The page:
OP-EDS

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October 6, 2004

Looking for honesty in the War on Drugs

The United States needs to call for an armistice in the war on drugs and move toward legalization. Alarmists argue that drug use would skyrocket, yet numerous reports show that this is not the case. For example, a 1990 U.S. telephone survey of 1,401 adults found that under legalization, 90.4 percent would not try marijuana, and 98.3 percent would not try cocaine. Based on addiction estimates, this means that 99.54 percent of adults in the United States would not be addicted to marijuana, and 99.83 percent would not be addicted to cocaine.

Even when cocaine was legal and widely available in the United States (pre-1914 Harrison Act), per capita dependence was lower than what it is today. There are other factors—besides the law—that inhibit people from using drugs. Drug expert Robert J. MacCoun has suggested, "Even in the absence of formal legal controls, informal social control and self-control factors might prevent most people from serious drug involvement." Proponents of war on drugs largely ignore this reality.

State and federal governments are spending $35 billion a year on drug control. At least three-quarters of these funds are being used to apprehend and punish drug dealers and users. Each additional drug-offending inmate costs $75,000 in new prison construction and another $25,000 a year to house and feed. A shift toward decriminalization and drug treatment would be more fiscally responsible. Cost-benefit ratios for public drug treatment programs range from $3 to $7 for each dollar of funding. Best of all, drug excise taxes could be used to support treatment programs.

Also, legalization would allow for regulation of such drugs. Currently, most heroin overdoses are a result of uncertainty of potency, which would be avoided in a regulated market. Moreover, in an effort to curb the spread of HIV, legalization would allow the United States to follow Britain's lead in providing free needles to its addicts.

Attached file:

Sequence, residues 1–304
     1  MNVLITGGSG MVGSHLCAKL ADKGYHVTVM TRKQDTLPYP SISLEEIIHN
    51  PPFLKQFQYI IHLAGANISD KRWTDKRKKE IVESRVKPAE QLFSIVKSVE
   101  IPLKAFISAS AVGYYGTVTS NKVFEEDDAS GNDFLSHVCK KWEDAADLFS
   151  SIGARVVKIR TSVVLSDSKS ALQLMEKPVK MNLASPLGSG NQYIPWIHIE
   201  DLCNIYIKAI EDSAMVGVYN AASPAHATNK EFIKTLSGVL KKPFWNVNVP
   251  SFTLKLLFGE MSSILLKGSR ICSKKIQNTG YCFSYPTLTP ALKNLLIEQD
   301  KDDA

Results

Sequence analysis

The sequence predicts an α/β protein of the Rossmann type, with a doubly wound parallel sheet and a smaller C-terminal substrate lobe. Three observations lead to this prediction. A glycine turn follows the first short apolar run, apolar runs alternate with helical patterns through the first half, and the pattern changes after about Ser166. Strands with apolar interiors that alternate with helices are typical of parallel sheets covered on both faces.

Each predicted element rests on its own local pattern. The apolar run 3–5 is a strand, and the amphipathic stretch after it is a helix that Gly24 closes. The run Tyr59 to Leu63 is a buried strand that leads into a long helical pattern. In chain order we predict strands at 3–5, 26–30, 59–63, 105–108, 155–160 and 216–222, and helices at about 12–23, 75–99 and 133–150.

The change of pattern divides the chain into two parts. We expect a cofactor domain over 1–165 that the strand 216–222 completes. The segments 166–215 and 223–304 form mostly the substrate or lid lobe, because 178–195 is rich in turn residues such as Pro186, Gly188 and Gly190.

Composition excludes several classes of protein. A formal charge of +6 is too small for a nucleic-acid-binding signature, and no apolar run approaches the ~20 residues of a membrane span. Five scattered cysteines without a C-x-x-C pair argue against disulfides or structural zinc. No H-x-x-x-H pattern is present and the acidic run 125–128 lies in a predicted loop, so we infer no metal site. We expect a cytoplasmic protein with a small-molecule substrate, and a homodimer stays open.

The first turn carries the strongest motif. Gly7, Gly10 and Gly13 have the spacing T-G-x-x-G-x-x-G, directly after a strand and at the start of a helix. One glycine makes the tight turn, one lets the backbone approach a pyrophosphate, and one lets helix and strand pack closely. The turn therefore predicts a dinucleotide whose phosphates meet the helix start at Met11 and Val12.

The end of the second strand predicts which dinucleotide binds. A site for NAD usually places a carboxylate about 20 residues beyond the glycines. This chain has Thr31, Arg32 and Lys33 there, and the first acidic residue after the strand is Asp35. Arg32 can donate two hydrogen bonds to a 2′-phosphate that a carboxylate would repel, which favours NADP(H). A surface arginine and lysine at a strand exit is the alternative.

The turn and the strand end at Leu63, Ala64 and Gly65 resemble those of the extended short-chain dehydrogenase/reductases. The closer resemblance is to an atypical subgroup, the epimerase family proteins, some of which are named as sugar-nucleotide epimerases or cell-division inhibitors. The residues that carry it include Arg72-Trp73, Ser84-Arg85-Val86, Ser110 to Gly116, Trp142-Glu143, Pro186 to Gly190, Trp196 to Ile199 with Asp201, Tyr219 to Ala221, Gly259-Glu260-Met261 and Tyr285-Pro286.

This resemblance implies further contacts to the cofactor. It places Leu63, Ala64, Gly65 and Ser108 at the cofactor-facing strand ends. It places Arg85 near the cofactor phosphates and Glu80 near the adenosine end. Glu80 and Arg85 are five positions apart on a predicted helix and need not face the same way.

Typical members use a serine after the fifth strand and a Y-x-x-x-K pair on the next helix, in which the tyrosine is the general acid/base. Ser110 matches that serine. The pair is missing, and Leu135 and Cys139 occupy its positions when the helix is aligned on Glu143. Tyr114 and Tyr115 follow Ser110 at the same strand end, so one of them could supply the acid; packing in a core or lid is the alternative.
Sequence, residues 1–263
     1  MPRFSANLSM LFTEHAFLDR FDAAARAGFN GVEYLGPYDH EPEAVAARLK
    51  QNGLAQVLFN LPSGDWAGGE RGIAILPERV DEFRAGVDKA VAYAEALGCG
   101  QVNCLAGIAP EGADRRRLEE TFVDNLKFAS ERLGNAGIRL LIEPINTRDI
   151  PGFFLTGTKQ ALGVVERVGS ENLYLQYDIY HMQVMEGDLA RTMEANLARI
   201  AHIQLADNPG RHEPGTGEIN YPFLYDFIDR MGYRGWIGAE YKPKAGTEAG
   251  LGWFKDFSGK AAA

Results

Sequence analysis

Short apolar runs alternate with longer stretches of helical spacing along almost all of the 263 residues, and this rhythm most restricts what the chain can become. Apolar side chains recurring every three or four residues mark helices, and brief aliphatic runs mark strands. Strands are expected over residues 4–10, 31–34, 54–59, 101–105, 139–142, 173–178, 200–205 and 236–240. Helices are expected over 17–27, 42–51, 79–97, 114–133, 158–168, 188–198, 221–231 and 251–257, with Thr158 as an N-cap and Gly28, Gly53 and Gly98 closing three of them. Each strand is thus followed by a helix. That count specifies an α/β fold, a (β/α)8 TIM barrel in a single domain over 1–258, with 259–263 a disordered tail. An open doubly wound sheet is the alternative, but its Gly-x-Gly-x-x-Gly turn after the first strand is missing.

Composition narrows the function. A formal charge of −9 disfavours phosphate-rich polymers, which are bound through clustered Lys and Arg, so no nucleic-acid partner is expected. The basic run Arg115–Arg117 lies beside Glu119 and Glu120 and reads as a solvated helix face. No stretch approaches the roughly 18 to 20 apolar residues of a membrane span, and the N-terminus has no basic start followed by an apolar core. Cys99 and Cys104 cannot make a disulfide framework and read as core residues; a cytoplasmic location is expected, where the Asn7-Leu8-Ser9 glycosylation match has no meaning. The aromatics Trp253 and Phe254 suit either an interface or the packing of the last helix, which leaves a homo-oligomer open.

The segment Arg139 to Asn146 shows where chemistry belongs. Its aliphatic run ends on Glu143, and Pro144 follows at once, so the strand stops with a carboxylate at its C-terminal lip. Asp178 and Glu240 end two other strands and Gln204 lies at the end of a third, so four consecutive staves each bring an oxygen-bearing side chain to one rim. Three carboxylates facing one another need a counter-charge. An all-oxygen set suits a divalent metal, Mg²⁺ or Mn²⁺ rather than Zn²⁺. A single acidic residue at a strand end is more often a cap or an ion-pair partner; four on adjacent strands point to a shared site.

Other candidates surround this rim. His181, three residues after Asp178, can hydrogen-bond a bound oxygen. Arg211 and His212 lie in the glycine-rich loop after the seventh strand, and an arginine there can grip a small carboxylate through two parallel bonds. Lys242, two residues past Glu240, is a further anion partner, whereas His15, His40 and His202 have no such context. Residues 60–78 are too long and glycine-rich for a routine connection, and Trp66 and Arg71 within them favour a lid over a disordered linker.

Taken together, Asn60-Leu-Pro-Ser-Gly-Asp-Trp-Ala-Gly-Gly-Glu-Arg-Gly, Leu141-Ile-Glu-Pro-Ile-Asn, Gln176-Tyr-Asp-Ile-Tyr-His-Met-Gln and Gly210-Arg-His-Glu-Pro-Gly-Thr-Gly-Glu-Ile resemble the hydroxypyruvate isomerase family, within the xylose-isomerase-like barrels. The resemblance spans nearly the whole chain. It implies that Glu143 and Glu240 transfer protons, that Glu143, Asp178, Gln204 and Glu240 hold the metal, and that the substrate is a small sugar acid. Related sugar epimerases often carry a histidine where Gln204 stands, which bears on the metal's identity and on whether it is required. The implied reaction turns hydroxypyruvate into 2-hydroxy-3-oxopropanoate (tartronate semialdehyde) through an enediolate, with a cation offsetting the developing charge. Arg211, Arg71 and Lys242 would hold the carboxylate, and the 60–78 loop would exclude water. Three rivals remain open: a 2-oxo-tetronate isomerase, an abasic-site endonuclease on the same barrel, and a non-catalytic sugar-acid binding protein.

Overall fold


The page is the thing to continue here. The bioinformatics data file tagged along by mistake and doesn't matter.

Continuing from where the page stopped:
Additionally, further studies could be done to determine the practicality of using marijuana and cocaine for medicinal purposes. Studies have already concluded that marijuana is effective in improving the appetites of AIDS and cancer patients, and that cocaine can be used as an anesthetic in throat and eye operations.

It would be fatuous to assume that a change in policy would eliminate all harms associated with drug usage. Utopia does not exist. However, superior alternatives to the ill-advised status quo do exist. The strategy that best promotes overall harm reduction must be pursued. Regulated and restricted legalization, coupled with increased drug education and treatment opportunities, are the most logical responses to this conundrum.

As myopic as today's politicians may be, they are not purblind to the point of actually believing in the current strategy. Rather, their hands are tied. They are stuck pandering to what their constituents ask for. A 1995 Gallup poll of U.S. citizens revealed that 84 percent favored "making criminal penalties more severe for the possession and sale of drugs."

It is no coincidence that the vast majority of drug legislation has been enacted in election years. In the months leading up to the 1986 midterm elections, Congress worked on a sweeping anti-drug measure that was signed by Ronald Reagan just days before voters went to the polls. Congressional Quarterly commented, "Republicans and Democrats all across the country are trying to outdo each other…to see who can propose the most stringent punishments for drug infractions." Representative Dave McCurdy (D-Oklahoma) conceded that the 1986 drug bill was "out of control," yet voted for it anyway. The 1988 bill was no different. Representative Tim Valentine (D-North Carolina) regarded it as the "seeds of national disaster." Yet he admitted, "Rather than have people say, ‘Well, that guy, he's in favor of drugs,' I'll hold my nose and go along with the others." The outspoken John McCain (R-Arizona) commented, "This is such an emotional issue…that voting ‘no' would be too difficult to explain." New York State Representative Charles Schumer added, "It's quick-hit image over substance, and nobody cares if it's going to work."

During the presidential debates of 1988, Bush (Sr.) declared that, "We have to be tougher on those who commit crimes. We have to get after the users more." Democratic nominee Michael Dukakis countered this by suggesting that he had "a program for being tough…doubling the number of drug enforcement agents." This constant election year competition for who can be the toughest on drugs just escalates the war further and further.

Only Libertarian presidential candidate Michael Badnarik can be trusted to speak directly about this issue. His campaign website states that under his leadership, "Nonviolent drug offenders would be released from federal prison, and each state would choose its own drug policy." As the 2004 election will prove, sometimes a third party is needed to advocate such necessary reforms.